What makes a book a classic? Or gives you a feeling that it will become one? I think that is an interesting question and might be a discussion for a different post. I have a feeling that a lot of the books I will be talking about today will appear on other readers’ lists as well! There are a few books that have been published in the last 20 years that I think have staying power and have something to say and will be relevant in the future.
Never Let Me Go was published in 2005, and it just happens to be my favourite book of all time. I think that there are a lot of books in Kazuo Ishiguro’s collection that have the potential to become classics. It is especially interesting because he has been writing for decades. As technology evolves, the conversations had in Never Let Me Go will remain relevant.
Pachinko was published in 2017 and I finally got around to reading it in March. The emotions that this book evokes are powerful and there is something about the scope that makes me think it has the potential to become a classic. It is such a sweeping novel and one I will not soon forget.
The Book Thief was first published in 2007 (I cannot believe it has been that long!) and it currently has over 2 million reviews on Goodreads. There are quite a few WWII novels that I think have the potential to become classics, but something about The Book Thief stands out from the rest.
The Underground Railroad was first published in 2016 and I think that the speculative nature of this story will help it to have staying power. I also think that there is the potential for something new from Colson Whitehead to surpass this one in its potential to become a classic. He is simply a genius! And while The Nickel Boys is my favourite of his so far, I do think that The Underground Railroad received more attention and has had more staying power.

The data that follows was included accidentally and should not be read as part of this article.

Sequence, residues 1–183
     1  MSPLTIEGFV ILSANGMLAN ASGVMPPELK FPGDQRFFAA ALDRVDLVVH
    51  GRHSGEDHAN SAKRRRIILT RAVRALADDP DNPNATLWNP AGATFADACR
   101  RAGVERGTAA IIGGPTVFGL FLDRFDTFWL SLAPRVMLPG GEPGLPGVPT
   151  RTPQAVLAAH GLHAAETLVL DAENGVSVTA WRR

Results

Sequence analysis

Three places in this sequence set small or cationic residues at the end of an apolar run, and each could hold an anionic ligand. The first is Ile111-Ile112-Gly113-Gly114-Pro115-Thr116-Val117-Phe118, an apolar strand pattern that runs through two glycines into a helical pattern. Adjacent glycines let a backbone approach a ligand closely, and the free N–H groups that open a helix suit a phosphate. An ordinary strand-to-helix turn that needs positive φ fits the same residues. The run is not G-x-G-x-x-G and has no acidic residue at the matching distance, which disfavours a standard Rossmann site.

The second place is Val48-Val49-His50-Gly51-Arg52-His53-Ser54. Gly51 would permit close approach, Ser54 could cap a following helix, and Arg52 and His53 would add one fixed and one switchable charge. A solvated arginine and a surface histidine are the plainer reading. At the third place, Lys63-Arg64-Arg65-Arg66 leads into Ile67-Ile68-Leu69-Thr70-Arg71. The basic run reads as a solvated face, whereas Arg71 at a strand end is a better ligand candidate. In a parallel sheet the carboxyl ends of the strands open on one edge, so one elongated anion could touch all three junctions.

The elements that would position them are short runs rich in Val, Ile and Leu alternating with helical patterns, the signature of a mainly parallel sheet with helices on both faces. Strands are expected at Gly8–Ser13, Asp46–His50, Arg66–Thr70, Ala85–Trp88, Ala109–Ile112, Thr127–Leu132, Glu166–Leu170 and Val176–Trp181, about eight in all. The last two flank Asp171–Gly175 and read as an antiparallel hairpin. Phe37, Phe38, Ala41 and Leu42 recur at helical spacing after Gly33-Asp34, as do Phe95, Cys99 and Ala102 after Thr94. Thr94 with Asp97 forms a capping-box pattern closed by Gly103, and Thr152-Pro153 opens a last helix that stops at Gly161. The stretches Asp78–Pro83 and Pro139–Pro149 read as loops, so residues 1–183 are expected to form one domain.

The Kite Runner was first published in 2003 and, in many ways, it already feels like a classic. There was a time when everyone was reading this book, which explains why it has almost 3 million reviews on Goodreads. It is actually already labelled as a classic on Goodreads, which is interesting!
A Little Life was first published in 2015 and, while I didn’t love it, many people did and the debates about this book are part of why I think it will become a classic. I have seen some brilliant discussions about this book between those who adore it and those who have issues with it. I think a good classic fosters discussion!
The Seven Husbands of Evelyn Hugo was first published in 2017 and is beloved by many. I needed to include a romance on this list and this is the one that stood out to me. I think the fact that it is now being adapted will also help with its potential to become a classic!
The Song of Achilles was first published in 2011 and it continues to be extremely popular more than 10 years later. Greek Myth retellings have had such a moment and I think that The Song of Achilles is the most talked about within the genre.
Piranesi was first published in 2020 and it is the book on this list that I am least confident in becoming a classic, but it is the one that I am rooting for the most. I have not read Jonathan Strange and Mr. Norrell, but there is probably an argument that can be made for that book having a better chance of becoming a classic based on what I have heard about it.
The Fifth Season was first published in 2015 and I think that this entire trilogy has the potential to become a classic! Every book in this series has won a Hugo Award. I have only read the first book, but it absolutely blew me away!